The Alamo Diluted History Hurts Disney's 'Alamo'
Disney had a $100 million-plus budget riding on its version of The Alamo, a war epic directed by John Lee Hancock. Box Office Mojo had forecast gross receipts of almost $15 million during its opening weekend and, when it barely reached $9 million, it was clear that The Alamo was in trouble. More than a week following its release, it has become the year's biggest bomb.
What went wrong with Disney's The Alamo may be debated as much as the famous siege itself. Most reviewers panned the movie's political correctness, though there were exceptions. Critic Roger Ebert praised it for capturing "the loneliness and dread of men" waiting to die. Perhaps Americans, facing the grim reality of U.S. soldiers surrounded by the enemy, were dissuaded from watching a war movie during a world war.
In a newspaper interview, Box Office Mojo president Brandon Gray suggested that today's younger audiences may not have been sufficiently aware of the Alamo. "[T]he ads just said 'this is about the Alamo.' That's probably assuming people know more than they do," Gray told USA Today.
For the studio that put Billy Bob Thornton's revisionist Davy Crockett on the silver screen 50 years after it created Fess Parker's heroic Davy Crockett for television, The Alamo offers a contrast to classic Disney—and, according to those who ought to know, an illustration of how not to dramatize war history.
"One of my key criticisms of the movie," says history professor James S. Olson, who teaches at Sam Houston State University in Texas, "is that there wasn't any sense of why the men were there." Olson, who wrote A Line in the Sand: the Alamo in Blood and Memory, talked with Box Office Mojo after seeing the movie.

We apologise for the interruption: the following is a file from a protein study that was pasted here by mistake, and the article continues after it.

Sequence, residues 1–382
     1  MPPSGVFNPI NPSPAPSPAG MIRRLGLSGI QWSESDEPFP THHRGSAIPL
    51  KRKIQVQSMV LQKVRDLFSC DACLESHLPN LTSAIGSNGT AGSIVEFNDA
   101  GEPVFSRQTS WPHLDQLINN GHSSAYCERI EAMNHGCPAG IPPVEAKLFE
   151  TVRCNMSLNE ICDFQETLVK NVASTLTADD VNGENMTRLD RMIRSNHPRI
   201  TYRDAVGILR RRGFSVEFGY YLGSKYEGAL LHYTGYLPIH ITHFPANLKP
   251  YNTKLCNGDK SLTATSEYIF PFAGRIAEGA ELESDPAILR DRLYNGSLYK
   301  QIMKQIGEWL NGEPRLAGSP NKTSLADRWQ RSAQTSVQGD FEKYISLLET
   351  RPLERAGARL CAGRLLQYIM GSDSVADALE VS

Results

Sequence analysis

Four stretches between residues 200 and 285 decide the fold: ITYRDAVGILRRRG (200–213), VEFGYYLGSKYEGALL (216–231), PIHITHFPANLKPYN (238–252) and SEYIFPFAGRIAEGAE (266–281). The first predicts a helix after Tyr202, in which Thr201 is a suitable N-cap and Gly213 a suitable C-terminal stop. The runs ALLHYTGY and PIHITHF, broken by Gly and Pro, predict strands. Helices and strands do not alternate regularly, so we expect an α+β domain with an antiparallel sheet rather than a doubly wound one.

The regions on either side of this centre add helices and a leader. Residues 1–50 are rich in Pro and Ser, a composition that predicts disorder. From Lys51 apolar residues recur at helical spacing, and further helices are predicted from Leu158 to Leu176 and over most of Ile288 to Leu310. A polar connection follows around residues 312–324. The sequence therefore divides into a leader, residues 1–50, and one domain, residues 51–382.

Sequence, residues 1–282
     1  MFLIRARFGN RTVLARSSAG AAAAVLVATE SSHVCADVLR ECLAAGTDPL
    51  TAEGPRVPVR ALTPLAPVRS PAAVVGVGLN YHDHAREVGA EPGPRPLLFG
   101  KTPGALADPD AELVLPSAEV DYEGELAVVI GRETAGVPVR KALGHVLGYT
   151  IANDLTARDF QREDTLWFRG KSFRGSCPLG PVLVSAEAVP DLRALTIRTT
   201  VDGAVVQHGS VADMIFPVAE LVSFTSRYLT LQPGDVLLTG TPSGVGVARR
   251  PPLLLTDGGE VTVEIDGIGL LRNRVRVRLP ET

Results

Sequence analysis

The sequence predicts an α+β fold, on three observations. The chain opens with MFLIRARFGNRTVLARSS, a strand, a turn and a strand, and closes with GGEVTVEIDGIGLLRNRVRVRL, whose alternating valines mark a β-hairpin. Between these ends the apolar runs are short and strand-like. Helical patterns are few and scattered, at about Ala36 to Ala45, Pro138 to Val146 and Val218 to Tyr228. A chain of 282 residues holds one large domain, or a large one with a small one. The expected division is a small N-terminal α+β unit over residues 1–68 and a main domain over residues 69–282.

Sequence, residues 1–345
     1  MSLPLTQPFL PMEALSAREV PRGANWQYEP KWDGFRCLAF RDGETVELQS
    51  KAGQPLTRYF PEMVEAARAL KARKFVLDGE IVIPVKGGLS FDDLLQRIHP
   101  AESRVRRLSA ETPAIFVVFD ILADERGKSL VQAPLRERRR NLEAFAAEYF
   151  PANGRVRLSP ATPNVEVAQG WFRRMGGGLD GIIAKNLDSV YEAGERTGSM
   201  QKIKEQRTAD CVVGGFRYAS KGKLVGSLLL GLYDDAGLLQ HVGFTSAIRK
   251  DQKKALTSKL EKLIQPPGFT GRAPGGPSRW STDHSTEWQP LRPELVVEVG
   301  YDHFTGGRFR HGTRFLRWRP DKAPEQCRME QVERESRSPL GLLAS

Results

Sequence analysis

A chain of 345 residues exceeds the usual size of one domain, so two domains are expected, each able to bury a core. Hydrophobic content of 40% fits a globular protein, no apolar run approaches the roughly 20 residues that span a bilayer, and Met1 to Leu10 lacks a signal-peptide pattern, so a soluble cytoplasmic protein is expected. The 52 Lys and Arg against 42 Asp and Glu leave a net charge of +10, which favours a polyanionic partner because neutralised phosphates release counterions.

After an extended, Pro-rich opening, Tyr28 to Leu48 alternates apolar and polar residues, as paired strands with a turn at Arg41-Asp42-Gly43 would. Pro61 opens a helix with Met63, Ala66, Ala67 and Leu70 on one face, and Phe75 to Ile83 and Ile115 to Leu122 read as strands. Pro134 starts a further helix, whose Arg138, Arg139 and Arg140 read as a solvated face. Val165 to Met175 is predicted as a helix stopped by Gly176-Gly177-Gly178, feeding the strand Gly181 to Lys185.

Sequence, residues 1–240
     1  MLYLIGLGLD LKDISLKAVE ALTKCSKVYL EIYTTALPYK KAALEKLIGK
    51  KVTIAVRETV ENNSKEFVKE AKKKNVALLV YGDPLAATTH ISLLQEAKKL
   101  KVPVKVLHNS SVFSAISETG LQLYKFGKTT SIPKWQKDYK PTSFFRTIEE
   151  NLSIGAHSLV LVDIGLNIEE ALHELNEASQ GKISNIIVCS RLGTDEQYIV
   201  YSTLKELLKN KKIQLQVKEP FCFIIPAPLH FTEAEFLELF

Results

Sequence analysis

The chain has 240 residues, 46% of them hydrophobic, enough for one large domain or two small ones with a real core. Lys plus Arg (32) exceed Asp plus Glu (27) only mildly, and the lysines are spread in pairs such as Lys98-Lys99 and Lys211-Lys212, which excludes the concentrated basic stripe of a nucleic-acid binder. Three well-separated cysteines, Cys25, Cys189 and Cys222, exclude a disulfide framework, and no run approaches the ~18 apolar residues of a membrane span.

Olson credits The Alamo with a certain factual accuracy about the event, noting that the fate of each character is true to what is known to have happened inside the doomed fortress. "What I was waiting for was a filmmaker who was pandering to the left," he says. "I didn't really find that."
What he discovered instead was a sense of moral equivalency. Asked about Davy Crockett's actions in The Alamo, Olson answers: "There's no evidence that Crockett apologized to his men, as he does in the movie, and there's no evidence that he sympathized with a dying enemy soldier."
Virginia-based novelist Edward Cline, whose Sparrowhawk novels depict heroes in American history, agrees. Cline, who has written articles for Colonial Williamsburg Journal and Marine Corps League, told Box Office Mojo that the essence of the Alamo is missing from the Disney movie, which he says lacks context.
"The Alamo was a great event," Cline explains, noting that the battle is an American, not just Texan, victory. "The country was only 50 years old and we were being attacked -- again. If Santa Anna got his hands on Texas, he would have sought to expand his power."
"These were men who stalled Santa Anna's army while [General Sam] Houston got his army together and defeated them later [at the Battle of San Jacinto]. The Alamo made it possible for Texas' independence and, later, its admission to the United States," Cline says.
Cline contends that Texas joining the United States of America—nine years after the Alamo—changed the course of history.
"Think of the size," he says. "That vast state mattered to the young nation. Later, just before the Civil War, France took over Mexico and [ Texas] served as a buffer against any kind of European designs. Europe still posed a threat to the United States—the British had their eyes on the west coast—they had Oregon wrapped up—the Russians were in California with a naval fleet. There could have been a brand new war."